Iraq Parliament Delayed For Five Weeks

(Reuters) -
A military vehicle transports the coffin of Major General Negm Abdullah Ali, commander of the army’s sixth division, during a funeral ceremony at the defense ministry in Baghdad, Monday. (REUTERS/Stringer)
A military vehicle transports the coffin of Major General Negm Abdullah Ali, commander of the army’s sixth division, during a funeral ceremony at the defense ministry in Baghdad, Monday. (REUTERS/Stringer)

Iraq’s new parliament put off its next session for five weeks on Monday, extending the country’s political paralysis amid a Sunni Islamist insurgency which claimed the life of an army general near Baghdad.

Citing the politicians’ failure to reach “understanding and agreement” on nominations for the top three posts in government, the office of acting speaker Mehdi al-Hafidh said parliament would not meet again until August 12.

Putting off the work of reaching consensus is a slap in the face of efforts by Iraq’s Shi’ite clergy, the United States, the United Nations and Iran, who have all urged the swift formation of an inclusive government to hold the country together.

“We’re looking at a dire situation on the ground, which is why it’s so important that things move forward urgently on the ground,” State Department spokeswoman Jen Psaki told reporters in Washington in reaction to the delay.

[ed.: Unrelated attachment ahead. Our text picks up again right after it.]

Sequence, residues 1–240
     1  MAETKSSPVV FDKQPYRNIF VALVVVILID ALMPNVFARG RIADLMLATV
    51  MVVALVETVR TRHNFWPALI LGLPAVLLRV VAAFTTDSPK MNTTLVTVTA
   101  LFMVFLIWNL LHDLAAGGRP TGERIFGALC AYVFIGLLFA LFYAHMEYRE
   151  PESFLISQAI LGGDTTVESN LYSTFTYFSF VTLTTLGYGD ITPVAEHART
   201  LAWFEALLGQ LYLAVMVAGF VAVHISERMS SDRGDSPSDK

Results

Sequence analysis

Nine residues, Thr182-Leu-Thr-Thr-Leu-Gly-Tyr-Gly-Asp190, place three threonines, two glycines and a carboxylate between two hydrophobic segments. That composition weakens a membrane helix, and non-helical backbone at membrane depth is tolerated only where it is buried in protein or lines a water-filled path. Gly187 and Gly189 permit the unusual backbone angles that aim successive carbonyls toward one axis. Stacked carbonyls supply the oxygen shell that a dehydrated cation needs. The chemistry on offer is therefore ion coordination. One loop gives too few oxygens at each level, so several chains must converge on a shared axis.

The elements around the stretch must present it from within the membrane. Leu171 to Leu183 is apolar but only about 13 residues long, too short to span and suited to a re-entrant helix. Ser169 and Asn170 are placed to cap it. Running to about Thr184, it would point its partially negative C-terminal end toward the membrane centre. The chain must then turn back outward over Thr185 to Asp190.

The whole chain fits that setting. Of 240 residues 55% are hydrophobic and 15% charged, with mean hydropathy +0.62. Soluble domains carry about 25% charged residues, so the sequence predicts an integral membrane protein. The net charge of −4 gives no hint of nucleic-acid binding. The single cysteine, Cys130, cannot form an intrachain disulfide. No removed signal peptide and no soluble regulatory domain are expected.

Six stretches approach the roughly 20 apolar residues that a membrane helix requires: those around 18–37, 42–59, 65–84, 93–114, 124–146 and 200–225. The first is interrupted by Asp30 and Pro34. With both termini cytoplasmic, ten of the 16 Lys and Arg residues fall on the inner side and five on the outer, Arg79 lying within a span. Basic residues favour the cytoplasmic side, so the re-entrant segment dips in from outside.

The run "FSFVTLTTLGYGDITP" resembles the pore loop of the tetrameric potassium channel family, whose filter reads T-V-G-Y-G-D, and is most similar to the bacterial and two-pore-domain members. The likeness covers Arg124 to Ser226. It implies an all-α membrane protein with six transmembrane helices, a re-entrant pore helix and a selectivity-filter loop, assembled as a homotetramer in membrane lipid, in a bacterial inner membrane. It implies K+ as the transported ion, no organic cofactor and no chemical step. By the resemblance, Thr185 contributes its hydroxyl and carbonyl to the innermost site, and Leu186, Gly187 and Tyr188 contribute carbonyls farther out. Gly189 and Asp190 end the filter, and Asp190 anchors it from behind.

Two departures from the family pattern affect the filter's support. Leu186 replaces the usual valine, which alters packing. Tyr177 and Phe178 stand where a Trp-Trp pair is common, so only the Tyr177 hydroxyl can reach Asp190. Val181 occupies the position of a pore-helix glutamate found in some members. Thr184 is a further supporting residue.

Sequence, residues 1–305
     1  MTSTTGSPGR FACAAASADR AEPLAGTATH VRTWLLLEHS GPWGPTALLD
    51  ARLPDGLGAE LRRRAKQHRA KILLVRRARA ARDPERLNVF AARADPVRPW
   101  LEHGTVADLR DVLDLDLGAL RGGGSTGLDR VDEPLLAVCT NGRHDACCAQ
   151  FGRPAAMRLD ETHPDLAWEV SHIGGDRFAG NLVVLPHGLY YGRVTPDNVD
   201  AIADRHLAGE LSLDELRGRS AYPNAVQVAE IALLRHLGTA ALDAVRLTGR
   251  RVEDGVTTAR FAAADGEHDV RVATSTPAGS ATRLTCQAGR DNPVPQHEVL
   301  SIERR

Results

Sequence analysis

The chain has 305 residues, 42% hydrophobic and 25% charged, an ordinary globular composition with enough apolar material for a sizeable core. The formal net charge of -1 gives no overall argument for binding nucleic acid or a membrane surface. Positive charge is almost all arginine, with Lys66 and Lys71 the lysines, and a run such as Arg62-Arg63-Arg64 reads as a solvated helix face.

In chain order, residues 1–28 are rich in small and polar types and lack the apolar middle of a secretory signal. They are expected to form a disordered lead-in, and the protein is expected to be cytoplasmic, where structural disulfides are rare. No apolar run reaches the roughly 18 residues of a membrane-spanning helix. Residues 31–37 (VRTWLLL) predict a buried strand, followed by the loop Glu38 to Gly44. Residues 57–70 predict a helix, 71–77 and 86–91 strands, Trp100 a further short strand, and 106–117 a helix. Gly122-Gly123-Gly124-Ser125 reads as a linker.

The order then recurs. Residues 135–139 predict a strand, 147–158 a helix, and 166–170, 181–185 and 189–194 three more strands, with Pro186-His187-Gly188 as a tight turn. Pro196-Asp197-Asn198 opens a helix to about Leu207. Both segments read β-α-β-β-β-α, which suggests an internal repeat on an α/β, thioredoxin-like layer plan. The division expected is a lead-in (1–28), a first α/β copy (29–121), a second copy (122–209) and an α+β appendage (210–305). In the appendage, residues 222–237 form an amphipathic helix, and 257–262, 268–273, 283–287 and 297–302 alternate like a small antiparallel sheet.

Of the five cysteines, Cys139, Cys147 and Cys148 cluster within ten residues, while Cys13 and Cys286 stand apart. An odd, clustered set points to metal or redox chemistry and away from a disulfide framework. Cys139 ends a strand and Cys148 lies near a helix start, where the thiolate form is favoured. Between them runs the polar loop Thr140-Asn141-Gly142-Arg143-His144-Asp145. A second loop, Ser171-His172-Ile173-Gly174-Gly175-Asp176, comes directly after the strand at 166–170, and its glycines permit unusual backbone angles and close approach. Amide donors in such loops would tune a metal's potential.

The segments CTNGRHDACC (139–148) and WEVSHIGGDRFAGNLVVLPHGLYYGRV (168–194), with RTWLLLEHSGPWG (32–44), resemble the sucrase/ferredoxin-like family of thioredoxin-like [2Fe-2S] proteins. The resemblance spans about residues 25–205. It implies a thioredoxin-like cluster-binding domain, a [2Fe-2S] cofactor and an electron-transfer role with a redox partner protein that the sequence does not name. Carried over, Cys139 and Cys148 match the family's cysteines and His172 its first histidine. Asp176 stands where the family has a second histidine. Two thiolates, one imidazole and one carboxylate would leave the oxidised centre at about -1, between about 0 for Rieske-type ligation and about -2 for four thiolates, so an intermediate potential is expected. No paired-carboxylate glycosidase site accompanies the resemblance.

With no signs that Shi’ite Prime Minister Nuri al-Maliki will abandon his bid for a third term, his Sunni, Shi’ite and Kurdish opponents warn there is a risk that Iraq will fragment along ethnic and sectarian lines.

“Things are moving faster than the politicians can make decisions,” a senior Shi’ite member of parliament told Reuters.

The Islamic State — an al-Qaida offshoot — and a patchwork of Sunni insurgents are holding territory they seized in northern and western Iraq, the majority of it taken last month.

Kurds, who run their own autonomous region in northern Iraq, have taken advantage of the chaos to expand their territory.

The fighting is taking a heavy toll. The United Nations said last week that more than 2,400 Iraqis had been killed in June alone, making the month by far the deadliest since the height of sectarian warfare during the U.S. “surge” offensive in 2007.

A senior Iraqi general was killed in fighting with insurgents near Baghdad on Monday, as the army fights to hold insurgents back from the capital.

Major General Negm Abdullah Ali, commander of the army’s sixth division responsible for defending part of Baghdad, was killed just 10 miles northwest of the capital.

A few hours later, four policemen and three civilians were killed by a suicide bomber at a checkpoint in the mainly Shi’ite Kadhimiya district of northern Baghdad.